WHEN UTIL.application_error THEN
    log_end('application_error');
    RAISE;
  WHEN OTHERS THEN
    UTIL.log_sqlerrm;
    RAISE;
END apex_get_pk;

/*******************************************************************************
                               PUBLIC INTERFACE
*******************************************************************************/

PROCEDURE load IS
  p  VARCHAR2(10) := 'P' || UTIL.apex_page_id || '_';
  rv EMPS$TAPI.rvtype;
  r  EMPS$TAPI.rowtype;
BEGIN
  log_start('load');

  UTIL.check_authorization('Reporting');

  rv := apex_get_pk;
  r := EMPS$TAPI.get (emp_id => rv.emp_id);

  IF APEX_APPLICATION.g_request = 'COPY' THEN

    r := EMPS$TAPI.copy(r);

  END IF;

  apex_set (r => r);

  log_end;
EXCEPTION
  WHEN UTIL.application_error THEN
    log_end('application_error');
    RAISE;
  WHEN OTHERS THEN
    UTIL.log_sqlerrm;
    RAISE;
END load;

PROCEDURE val IS
  p             VARCHAR2(10) := 'P' || UTIL.apex_page_id || '_';
  rv            EMPS$TAPI.rvtype;
  dummy         VARCHAR2(32767);
  item_name_map UTIL.str_map;
BEGIN
  log_start('val');

  IF APEX_APPLICATION.g_request = 'CREATE'
  OR APEX_APPLICATION.g_request LIKE 'SAVE%' THEN

    rv := apex_get;

    UTIL.pre_val
      (label_map     => EMPS$TAPI.label_map
      ,item_name_map => item_name_map);

    dummy := EMPS$TAPI.val (rv => rv);
    
    UTIL.post_val;

  END IF;

  log_end;
EXCEPTION
  WHEN UTIL.application_error THEN
    log_end('application_error');
    RAISE;
  WHEN OTHERS THEN
    UTIL.log_sqlerrm;
    RAISE;
END val;

PROCEDURE process IS
  p  VARCHAR2(10) := 'P' || UTIL.apex_page_id || '_';
  rv EMPS$TAPI.rvtype;
  r  EMPS$TAPI.rowtype;
BEGIN
  log_start('process');
  
  UTIL.check_authorization('Operator');

  CASE
  WHEN APEX_APPLICATION.g_request = 'CREATE' THEN

    rv := apex_get;
    
    r := EMPS$TAPI.ins (rv => rv);

    apex_set (r => r);

    UTIL.success('Emp created.');

  WHEN APEX_APPLICATION.g_request LIKE 'SAVE%' THEN

    rv := apex_get;

    r := EMPS$TAPI.upd (rv => rv);

    apex_set (r => r);
    UTIL.success('Emp updated.'
      || CASE WHEN APEX_APPLICATION.g_request = 'SAVE_COPY'
         THEN ' Ready to create new emp.'
         END);

  WHEN APEX_APPLICATION.g_request = 'DELETE' THEN

    rv := apex_get_pk;

    EMPS$TAPI.del (rv => rv);

    UTIL.clear_page_cache;

    UTIL.success('Emp deleted.');

  END CASE;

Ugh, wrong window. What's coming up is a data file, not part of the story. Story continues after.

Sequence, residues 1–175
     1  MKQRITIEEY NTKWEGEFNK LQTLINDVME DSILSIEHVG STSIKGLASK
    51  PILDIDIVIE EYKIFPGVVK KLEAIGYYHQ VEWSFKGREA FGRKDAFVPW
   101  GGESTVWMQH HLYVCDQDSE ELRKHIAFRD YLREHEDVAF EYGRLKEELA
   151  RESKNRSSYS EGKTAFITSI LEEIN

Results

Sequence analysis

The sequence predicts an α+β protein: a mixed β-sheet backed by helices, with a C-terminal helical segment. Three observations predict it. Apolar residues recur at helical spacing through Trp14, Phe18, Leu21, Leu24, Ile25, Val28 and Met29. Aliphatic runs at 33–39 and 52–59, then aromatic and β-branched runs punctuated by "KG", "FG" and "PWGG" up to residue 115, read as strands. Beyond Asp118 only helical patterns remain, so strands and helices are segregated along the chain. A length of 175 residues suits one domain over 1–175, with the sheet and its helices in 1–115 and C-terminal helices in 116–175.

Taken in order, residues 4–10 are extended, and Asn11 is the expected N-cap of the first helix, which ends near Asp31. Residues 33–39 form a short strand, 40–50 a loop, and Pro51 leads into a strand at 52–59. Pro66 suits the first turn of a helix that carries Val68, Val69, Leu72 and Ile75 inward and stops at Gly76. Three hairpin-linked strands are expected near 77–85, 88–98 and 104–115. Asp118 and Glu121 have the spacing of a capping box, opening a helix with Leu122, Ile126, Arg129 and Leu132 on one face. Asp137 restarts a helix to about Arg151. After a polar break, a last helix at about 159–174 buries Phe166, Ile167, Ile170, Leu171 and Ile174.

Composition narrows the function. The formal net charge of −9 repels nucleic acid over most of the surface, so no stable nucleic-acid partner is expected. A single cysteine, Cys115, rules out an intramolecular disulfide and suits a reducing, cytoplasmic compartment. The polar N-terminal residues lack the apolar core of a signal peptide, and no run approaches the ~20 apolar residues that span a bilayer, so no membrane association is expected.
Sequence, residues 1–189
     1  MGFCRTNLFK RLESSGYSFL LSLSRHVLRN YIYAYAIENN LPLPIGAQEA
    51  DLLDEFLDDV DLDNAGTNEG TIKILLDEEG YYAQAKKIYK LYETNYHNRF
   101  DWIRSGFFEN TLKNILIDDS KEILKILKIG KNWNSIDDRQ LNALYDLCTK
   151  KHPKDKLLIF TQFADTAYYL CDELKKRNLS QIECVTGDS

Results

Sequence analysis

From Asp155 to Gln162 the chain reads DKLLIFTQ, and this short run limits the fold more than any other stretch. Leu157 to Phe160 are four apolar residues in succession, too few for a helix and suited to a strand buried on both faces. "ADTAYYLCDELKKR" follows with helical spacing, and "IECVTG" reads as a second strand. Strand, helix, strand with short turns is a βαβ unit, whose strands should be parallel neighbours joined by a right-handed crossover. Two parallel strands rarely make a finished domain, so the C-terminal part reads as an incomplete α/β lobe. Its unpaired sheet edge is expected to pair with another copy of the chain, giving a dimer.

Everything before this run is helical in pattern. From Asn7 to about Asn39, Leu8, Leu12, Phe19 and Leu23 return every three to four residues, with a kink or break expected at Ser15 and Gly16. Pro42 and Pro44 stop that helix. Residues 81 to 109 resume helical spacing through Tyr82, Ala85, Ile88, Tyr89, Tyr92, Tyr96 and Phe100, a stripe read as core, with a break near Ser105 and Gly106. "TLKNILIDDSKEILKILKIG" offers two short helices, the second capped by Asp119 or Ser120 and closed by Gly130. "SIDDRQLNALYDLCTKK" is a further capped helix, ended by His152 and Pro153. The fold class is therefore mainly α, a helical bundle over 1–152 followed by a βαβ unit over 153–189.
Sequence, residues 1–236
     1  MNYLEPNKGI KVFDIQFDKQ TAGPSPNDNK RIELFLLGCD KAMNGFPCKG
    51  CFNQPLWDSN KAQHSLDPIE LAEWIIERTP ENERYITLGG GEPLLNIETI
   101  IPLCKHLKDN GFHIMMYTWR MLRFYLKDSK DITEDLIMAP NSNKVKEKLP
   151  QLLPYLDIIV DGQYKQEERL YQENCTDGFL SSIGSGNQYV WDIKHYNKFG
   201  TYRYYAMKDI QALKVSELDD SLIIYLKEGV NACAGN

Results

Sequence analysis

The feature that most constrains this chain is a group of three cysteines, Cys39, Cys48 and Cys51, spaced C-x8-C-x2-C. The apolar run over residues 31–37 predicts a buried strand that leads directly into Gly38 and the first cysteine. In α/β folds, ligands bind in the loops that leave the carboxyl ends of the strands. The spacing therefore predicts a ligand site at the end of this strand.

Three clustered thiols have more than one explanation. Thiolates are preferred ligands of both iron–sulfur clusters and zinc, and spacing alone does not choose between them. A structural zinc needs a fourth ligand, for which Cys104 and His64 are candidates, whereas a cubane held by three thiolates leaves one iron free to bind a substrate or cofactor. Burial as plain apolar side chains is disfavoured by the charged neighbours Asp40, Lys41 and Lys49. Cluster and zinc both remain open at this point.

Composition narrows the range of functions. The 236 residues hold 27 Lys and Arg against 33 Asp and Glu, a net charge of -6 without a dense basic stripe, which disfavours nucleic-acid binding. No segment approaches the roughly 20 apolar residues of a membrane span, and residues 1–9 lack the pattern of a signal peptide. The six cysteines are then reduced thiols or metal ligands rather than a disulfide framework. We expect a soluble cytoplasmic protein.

log_end;
EXCEPTION
  WHEN UTIL.application_error THEN
    log_end('application_error');
    RAISE;
  WHEN OTHERS THEN
    UTIL.log_sqlerrm;
    RAISE;
END process;

END EMPS$APEX;

Now, given the above package, we can create an Apex page that allows users to view, create, update, copy and delete a record from the EMPS table, using all the features provided by our TAPI.

  1. Create Page, select Form, select Form on a Table or view, select the table EMPS.
  2. Accept the defaults, or change them to taste, and click Next, Next.
  3. On the Primary Key wizard step, change type to Select Primary Key Column(s) and it should pick up the EMP_ID column automatically. Click Next.*
  4. For Source Type, leave the default (Existing trigger).** Click Next, Next, Next.
  5. For Branching, enter page numbers as required. Click Next, then Create.

* the Apex API and Table API generator also handles tables with no surrogate key by using ROWID instead; in this case, you would leave the default option selected (Managed by Database (ROWID)) here.
** note however that our TAPI will handle the sequence generation, not a trigger.

The page should look something like this:

Notice that it has created a Fetch Row from EMPS process for when the page is loaded, as well as the Process Row of EMPS and reset page processes for when the page is submitted. It has also created a few validations.

Notice also that all the items are named consistently with the column names; this is important as my Apex API package generator relies on this one-to-one mapping. You can, of course, add additional non-database items to the page – they won’t be affected by the generator unless the table is altered with columns that match.

Now, this page will work fine, except that it bypasses our TAPI. To change the page so that it uses our TAPI instead, edit the page as follows:

  1. Delete all the Fetch Row from EMPS, Process Row of EMPS and reset page processes.
  2. Delete all the validations.
  3. For all the page items, set Source Type to Null. In Apex 5 this is easy – just Ctrl+Click each item, then make the change to all of them in one step!
  4. Make the audit column items (CREATED_BY, CREATED_DT, LAST_UPDATED_BY, LAST_UPDATED_DT) Display Only.
  5. Make the VERSION_ID item Hidden.
  6. Under Pre-Rendering, add an After Header process that calls EMPS$APEX.load;.
  7. In the Page Processing tab, under Validating, add a validation with Type = PL/SQL Function (returning Error Text).
  8. Set the PL/SQL Function Body Returning Error Text to EMPS$APEX.val; RETURN null;.